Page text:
Johnson looked a little shaken at that question. Finally, the gun shifted, just a little. Johnson looked at her and his eyes narrowed. "Hey, I recognize you. You two have the suite next to Mr. Larkin's."

Cael moved like a snake striking, grabbing the guard's arm and pushing his gun hand away, then he delivered a cross to the man's jaw. Jenner stumbled back a half step as she tried to get out of the way of the blow to the man's jaw. Johnson stumbled back, too, into the rail. He gathered himself, the gun came back around and Cael went for it, but Johnson wasn't letting go so easily. He shifted, freed his gun hand from Cael's grip, swung out, and popped Cael in the side of the head with the weapon.

Cael's head snapped around; Jenner choked on a cry as a streak of blood bloomed just above his temple, she instinctively rushed toward him as he began to go down, dropping, as if he were falling to his knees. This wasn't how it was supposed to go. Johnson shifted his aim until the gun was pointed at her. He actually smiled.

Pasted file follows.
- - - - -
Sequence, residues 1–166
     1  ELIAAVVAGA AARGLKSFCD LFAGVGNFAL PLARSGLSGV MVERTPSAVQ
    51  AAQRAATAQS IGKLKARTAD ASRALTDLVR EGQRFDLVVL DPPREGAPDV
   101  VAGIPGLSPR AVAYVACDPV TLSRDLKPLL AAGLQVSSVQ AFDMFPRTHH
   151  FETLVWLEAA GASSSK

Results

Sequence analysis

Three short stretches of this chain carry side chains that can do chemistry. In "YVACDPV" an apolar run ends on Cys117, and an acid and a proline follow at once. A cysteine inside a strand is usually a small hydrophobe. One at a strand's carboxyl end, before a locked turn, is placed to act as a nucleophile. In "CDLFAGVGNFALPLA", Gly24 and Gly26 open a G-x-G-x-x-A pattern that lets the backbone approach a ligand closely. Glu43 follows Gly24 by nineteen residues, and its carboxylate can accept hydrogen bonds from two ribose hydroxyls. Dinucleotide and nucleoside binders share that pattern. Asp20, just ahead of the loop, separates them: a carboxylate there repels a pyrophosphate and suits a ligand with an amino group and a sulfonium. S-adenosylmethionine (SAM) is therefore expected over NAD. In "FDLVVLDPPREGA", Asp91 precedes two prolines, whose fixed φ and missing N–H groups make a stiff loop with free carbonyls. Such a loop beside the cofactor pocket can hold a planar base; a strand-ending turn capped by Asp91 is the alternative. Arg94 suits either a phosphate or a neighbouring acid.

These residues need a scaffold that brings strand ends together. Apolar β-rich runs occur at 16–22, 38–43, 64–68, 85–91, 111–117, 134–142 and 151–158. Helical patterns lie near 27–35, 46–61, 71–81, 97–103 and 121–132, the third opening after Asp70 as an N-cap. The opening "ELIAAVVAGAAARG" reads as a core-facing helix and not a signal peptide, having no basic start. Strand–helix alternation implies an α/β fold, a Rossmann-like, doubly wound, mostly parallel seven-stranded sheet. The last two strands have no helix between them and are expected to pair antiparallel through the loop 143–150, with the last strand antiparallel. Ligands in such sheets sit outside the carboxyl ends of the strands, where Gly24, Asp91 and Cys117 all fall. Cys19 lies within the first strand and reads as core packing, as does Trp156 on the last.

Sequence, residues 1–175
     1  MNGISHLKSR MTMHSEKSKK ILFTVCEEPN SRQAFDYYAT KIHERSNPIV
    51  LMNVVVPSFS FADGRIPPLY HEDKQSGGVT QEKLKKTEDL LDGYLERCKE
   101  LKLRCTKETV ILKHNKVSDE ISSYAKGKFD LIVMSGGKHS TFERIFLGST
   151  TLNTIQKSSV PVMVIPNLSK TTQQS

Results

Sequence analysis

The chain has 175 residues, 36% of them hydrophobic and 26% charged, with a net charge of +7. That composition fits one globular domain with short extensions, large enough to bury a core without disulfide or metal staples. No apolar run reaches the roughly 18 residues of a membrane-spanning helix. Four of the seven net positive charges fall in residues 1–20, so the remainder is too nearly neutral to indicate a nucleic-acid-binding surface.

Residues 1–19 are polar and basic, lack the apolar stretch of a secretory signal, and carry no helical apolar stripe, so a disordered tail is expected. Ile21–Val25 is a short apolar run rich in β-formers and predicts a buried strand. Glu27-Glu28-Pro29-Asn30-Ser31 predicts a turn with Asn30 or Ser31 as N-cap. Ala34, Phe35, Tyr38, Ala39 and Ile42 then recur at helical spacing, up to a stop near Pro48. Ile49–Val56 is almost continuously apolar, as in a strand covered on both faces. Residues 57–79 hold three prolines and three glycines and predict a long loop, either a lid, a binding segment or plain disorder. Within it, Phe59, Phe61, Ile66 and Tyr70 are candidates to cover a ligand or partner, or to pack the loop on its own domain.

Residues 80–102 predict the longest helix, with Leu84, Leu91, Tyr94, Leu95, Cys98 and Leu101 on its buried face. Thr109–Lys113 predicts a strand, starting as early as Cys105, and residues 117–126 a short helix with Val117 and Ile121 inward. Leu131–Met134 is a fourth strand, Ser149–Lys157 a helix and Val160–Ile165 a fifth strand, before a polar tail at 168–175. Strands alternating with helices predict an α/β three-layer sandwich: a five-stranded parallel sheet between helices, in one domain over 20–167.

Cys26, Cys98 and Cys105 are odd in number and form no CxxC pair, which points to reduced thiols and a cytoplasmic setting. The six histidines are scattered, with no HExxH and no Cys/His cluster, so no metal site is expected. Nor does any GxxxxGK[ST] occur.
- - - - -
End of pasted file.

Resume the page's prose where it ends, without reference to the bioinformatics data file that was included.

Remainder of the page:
And Cael's direction shifted. Instead of going down he shifted his weight and surged upward, hitting the armed guard under the chin with his head and sending Johnson reeling backward so hard the armed man slammed into the railing and almost tumbled over. Cael helped, grabbing one leg, lifting, and giving a shove.

Johnson went over, but fighting for his life gave him strength and speed; he managed to catch the rail with one hand as he fell. He hung there, which couldn't have been easy, considering how fat the railing was. Two hands might give him a chance, but as Jenner looked over the rail she saw that he still hadn't let go of his gun. Cael lunged toward her, the words ripping out of his mouth as he reached for Johnson. "Are you all right?"

Yes. No. He was going to shoot you. She couldn't find a voice to answer, could barely breathe. She forced herself to nod, then gave a stifled shriek as she caught the movement out of the corner of her eye, saw the gun coming up. Johnson wasn't going down if he could help it, he was going to shoot. Her. Cael. One of them, or both, if he could. Instinctively she swung around and down with the shoe, ramming the point of the heel into the hand that gripped the rail.

Johnson screamed. He couldn't hold on. He, his gun, the shoe … they all fell.